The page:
IVG App Review Round-up (08/12/12)

This week’s app round-up covers some interesting new (and slightly old) games for you to try out. There’s a clay world full of monsters, ghastly zombified birds, a fun rollercoaster simulator, and a word puzzler. The Android crowd should definitely not miss out on all the freebie awesomeness.

Clay Jam
by Amit Goyal

Platforms: iOS, Android; Price: Free
Version tested: iOS

Hate however much you like on Zynga, but their talent of bringing out something wholly addictive is undeniable, and their influence is more than evident in Fat Pebble’s latest game published by them.

The beautiful, eccentric, hand-crafted world of Clay Jam used to be a haven for happy monsters, flailing them arms and merrily running around on hills. That was until the Bully Beasts showed up and decided to chase the monsters off. Now, it is up to the player, a pebble, to beat the Bully Beasts on each hill by turning the age-old adage on its head and being the rolling stone that gathers moss (quite literally, except that you gather clay).

Each game has you take up the role of the pebble on an elegantly depicted world on which the monsters are made out of clay. The pebble rolls on its own, but the player can guide it by swiping on the surface of the world and creating tracks on it. Clay monsters populate the world, and gathering them makes the pebble larger. As you gather more clay, you can collect bigger monsters and obstacles. Try collecting them before you reach a threshold size, and you will bounce off them, losing clay. The aforementioned Bully Beast resides towards the edge of the World, and the player must swipe furiously on a launch pad of sorts to whack the bully beast with the now bloated pebble to send him flying as far as possible.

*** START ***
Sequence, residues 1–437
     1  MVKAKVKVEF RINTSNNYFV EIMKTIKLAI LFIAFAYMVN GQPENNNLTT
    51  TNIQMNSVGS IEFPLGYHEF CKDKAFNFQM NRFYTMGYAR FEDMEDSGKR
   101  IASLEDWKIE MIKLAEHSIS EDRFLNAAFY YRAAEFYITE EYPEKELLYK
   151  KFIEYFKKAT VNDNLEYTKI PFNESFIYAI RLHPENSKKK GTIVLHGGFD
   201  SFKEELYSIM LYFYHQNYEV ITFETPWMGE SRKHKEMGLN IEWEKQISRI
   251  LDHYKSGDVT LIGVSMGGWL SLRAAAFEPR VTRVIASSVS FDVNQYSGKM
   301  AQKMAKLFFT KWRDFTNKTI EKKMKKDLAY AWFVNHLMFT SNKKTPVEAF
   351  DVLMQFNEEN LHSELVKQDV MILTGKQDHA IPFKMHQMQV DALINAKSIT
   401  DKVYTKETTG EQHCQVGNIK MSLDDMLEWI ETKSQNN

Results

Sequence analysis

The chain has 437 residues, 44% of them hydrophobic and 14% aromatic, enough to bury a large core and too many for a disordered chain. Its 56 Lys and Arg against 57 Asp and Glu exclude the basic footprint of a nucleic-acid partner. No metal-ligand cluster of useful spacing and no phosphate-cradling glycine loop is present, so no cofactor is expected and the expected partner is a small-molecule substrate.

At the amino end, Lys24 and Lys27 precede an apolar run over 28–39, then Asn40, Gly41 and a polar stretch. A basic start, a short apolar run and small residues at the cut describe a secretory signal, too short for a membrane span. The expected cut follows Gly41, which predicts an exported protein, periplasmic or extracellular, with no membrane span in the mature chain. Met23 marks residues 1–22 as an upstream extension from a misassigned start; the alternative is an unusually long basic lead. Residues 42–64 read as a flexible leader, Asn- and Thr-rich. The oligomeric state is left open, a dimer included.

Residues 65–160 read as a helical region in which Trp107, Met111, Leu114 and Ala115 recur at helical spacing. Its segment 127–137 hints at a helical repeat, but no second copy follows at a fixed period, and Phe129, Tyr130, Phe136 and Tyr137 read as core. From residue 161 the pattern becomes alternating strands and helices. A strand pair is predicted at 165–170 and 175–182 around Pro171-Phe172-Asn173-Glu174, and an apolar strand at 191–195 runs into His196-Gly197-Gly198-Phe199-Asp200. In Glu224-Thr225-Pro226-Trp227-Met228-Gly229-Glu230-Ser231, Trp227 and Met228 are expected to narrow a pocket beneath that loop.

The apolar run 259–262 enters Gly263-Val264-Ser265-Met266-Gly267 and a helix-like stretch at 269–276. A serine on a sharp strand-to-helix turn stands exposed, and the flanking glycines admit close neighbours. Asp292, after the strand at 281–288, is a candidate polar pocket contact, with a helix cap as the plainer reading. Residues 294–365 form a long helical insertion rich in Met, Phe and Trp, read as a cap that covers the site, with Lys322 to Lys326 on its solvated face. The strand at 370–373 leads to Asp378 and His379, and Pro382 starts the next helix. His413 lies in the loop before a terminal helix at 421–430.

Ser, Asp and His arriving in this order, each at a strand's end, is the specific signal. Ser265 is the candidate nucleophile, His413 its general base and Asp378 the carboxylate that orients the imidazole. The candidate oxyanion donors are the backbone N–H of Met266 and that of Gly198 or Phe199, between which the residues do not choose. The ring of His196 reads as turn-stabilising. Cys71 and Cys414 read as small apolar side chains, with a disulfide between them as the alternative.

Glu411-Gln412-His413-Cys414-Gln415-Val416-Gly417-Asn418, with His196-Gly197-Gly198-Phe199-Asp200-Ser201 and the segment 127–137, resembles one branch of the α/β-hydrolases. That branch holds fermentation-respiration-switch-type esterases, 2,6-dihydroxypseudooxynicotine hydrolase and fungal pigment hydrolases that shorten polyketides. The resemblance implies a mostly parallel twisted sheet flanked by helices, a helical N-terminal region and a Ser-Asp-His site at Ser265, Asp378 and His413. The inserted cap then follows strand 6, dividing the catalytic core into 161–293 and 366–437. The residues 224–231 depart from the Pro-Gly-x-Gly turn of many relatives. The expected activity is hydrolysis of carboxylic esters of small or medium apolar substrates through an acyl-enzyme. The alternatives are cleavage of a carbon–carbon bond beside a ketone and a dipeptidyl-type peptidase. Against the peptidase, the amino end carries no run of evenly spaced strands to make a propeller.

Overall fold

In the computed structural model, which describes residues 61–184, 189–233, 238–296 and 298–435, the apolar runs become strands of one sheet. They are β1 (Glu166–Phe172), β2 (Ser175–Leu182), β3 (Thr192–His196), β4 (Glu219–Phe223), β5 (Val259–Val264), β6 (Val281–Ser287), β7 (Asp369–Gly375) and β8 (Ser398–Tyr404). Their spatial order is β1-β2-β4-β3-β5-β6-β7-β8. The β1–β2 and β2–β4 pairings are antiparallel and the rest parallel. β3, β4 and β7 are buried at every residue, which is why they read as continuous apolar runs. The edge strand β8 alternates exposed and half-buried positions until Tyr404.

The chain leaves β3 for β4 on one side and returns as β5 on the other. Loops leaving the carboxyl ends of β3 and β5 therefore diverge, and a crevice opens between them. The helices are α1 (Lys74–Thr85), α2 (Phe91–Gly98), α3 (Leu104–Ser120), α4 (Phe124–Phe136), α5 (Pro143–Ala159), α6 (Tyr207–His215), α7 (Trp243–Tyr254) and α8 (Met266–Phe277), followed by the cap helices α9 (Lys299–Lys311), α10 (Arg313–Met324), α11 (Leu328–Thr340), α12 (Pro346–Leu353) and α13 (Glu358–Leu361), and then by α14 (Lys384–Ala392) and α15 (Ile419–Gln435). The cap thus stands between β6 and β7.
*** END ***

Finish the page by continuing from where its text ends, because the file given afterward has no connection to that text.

It doesn’t seem much, but there’s a very engaging eco-system around the game. Each hill can be progressively populated with more monsters that can be unlocked by spending the clay collected while playing the game. Further, each Bully Beast can be defeated by completing a series of unique objectives linked to each hill. All these elements, and others, will have you playing the game over and over to progress and build up each world.

In a refreshing shift from norms, while in-app purchases are available, the game did not seem that forceful towards pushing the players towards them. Considering that there is no price of admission, it is a game that is well worth trying out for its endearing graphics, slick presentation and unique gameplay.


Shoot the Zombirds
by Amit Goyal

Platforms: iOS, Android; Price: Rs 55 (iOS), Free (Android)
Version tested: iOS

Shoot the Zombirds, the sequel to Shoot the Birds, by iDream was released on Halloween to cash in on the season. While the game may be a little over a month old, its significant improvements over the already excellent Shoot the Birds make a case for a strong recommendation.

For those unfamiliar with Shoot The Birds, it featured a pumpkin headed archer, who joined the long line of unlikely enemies of birds. As birds of various shapes and sizes flew horizontally across the screen at different speeds, the objective of the game was shoot down as many birds as possible within a day cycle by swiping down and releasing arrows.

Shoot the Zombirds is a Halloween-flavoured version of the game that replaces regular birds with sinister looking zombie-birds. Understandably, the day cycle has been ditched for a more nefarious night in a graveyard background. The player now has to free helpless little ‘Pumpkids’ from the clutches of the occasional zombird that is carrying them. Only a limited number of birds carrying Zomkids can be allowed to escape before the game is over. Further, the number of arrows is also limited now, so while every successful hit replenishes the spent arrow, a miss reduces the number in the quiver. The player can increase the number of arrows by shooting down multiple birds with a single shot.

The accuracy and quality of shooting contribute to the score multiplier for the final score at the end of each game. Further, the game has a series of objectives that can permanently increase the score multiplier as well. The game also features an in-game store where the player can upgrade the size of the quiver as well increase the number of Zomkids, among other things.

One of the things that hurt the game is the lack of Gamecenter achievements. I also felt that the smaller size of the iPhone screen makes shooting a tad cumbersome as compared to the iPad, but that is something that can be dealt with over time. As it is, Shoot the Zombirds is a very addictive game that is well worth a dollar on iOS, and an absolute must have for Android users.